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CLINICAL CASE VIGNETTE: Antihyperglycemic Treatments

Jul 14, 2018

Mr. Huang is a 61-year-old Asian American businessman who comes in to see you for a follow-up appointment. He was diagnosed with type 2 diabetes four years ago and has a long-standing history (15 years) of hypertension and hypercholesterolemia, which are currently well-controlled. Current medications are metformin (1500 mg/day), lisinopril, and simvastatin. He has excess weight (BMI 29 kg/m2) but feels he has a healthy diet and gets out for a 25-30 minute walk 3 or 4 times per week. He feels great, but over the last nine months or so, he has noticed that his home average glucose levels are in the 180-198 mg/dL range. At today’s visit, his A1C is 8.3%.

Based on Mr. Huang’s individual glycemic target of A1C<7%, you would like to add another antihyperglycemic. You choose linagliptin over glimepiride. What is the best reason for your choice?


Answer: A. Greater weight loss benefits

Educational Critique: The DPP-4 inhibitors are considered to be weight loss-weight neutral, but have intermediate A1C lowering efficacy and are costly. In general, the noninsulin pharmacological agents metformin, sulfonylureas, TZDs and GLP-1 agonists are thought to have better glucose-lowering abilities than meglitinides, DPP-4 inhibitors, AGIs, colesevelam, or bromocriptine (respective expected A1C reduction 1.0-1.5% vs. 0.5-1.0%). However, studies have shown the differential effects on glucose control are small. Thus, when progressing from a monotherapy to a two-drug combination, selection of the second agent should be guided by agent- and patient-specific properties (e.g., dosing, costs, side-effects, weight impact).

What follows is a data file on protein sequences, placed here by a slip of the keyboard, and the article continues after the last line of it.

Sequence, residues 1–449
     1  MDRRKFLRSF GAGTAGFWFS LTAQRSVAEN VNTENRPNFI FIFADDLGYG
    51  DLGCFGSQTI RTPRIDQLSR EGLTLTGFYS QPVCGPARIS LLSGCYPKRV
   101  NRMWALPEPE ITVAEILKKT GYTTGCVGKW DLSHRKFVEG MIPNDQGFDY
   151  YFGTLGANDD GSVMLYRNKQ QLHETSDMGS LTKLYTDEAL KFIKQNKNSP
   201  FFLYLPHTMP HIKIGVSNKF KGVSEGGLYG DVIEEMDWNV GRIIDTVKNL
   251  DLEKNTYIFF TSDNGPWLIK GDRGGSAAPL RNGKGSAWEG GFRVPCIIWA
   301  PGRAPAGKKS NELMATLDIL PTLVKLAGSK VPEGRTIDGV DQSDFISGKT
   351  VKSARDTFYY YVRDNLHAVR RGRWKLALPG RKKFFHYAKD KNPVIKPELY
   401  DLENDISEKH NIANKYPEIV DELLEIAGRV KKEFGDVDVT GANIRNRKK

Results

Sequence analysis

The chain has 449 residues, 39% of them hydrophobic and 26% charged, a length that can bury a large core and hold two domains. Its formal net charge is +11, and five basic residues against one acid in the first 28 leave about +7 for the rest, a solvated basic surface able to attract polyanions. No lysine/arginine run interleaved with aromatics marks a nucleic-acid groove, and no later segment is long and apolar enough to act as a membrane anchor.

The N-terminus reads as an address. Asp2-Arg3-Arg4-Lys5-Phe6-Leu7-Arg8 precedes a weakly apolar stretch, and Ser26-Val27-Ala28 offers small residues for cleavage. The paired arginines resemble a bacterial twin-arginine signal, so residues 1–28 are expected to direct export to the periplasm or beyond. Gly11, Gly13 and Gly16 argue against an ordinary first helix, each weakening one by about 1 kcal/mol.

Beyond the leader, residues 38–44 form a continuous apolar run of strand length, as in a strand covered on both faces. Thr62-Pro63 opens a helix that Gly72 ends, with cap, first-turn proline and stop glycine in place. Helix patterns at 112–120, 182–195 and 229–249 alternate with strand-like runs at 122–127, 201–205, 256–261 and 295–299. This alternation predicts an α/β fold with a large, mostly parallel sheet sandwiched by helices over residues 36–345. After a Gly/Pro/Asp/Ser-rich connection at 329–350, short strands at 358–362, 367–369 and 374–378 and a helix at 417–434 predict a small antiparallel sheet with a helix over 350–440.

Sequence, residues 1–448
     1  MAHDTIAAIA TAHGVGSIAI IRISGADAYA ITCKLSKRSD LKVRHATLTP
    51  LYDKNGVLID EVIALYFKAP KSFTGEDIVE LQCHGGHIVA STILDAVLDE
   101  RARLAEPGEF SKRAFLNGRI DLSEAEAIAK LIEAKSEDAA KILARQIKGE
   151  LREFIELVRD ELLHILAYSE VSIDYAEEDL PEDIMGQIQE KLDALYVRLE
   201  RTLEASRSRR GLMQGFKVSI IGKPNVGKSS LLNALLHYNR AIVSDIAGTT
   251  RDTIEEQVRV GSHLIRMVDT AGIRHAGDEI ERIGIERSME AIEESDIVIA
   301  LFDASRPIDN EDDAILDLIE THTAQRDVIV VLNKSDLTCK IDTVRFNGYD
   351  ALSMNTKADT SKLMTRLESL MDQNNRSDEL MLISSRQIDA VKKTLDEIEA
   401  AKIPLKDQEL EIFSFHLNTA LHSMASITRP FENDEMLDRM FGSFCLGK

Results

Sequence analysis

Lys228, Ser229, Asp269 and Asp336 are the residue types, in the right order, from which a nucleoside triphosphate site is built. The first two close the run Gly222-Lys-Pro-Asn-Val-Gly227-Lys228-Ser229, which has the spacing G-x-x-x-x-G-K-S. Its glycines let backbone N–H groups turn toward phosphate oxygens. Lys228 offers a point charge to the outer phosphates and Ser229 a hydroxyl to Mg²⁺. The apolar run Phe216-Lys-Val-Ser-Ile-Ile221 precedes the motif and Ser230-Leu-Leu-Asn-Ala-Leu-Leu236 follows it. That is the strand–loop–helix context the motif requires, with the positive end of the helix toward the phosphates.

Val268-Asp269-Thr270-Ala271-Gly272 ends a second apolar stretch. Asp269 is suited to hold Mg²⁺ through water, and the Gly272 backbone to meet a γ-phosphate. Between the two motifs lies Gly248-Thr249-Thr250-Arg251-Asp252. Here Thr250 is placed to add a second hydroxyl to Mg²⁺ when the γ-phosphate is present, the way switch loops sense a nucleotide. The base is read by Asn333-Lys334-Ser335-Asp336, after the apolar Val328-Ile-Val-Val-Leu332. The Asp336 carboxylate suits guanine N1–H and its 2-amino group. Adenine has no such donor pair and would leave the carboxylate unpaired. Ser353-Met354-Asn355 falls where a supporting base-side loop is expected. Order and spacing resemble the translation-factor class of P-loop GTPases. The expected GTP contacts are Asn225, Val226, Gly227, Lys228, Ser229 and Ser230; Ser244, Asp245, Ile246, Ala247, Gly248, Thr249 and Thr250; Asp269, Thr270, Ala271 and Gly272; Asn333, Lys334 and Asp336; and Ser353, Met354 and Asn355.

In Mr. Huang’s case, he would benefit from the weight neutral/loss associated with the DPP-4 inhibitors as opposed to the sulfonylurea-associated weight gain. An efficacy study of Tradjenta (linaglipitin) vs. glimepiride in combination with metformin found, “Patients treated with linagliptin had a mean baseline body weight of 86 kg and were observed to have an adjusted mean decrease in body weight of 1.1 kg at 52 weeks and 1.4 kg at 104 weeks. Patients on glimepiride had a mean baseline body weight of 87 kg and were observed to have an adjusted mean increase from baseline in body weight of 1.4 kg at 52 weeks and 1.3 kg at 104 weeks (treatment difference p<0.0001 for both timepoints).”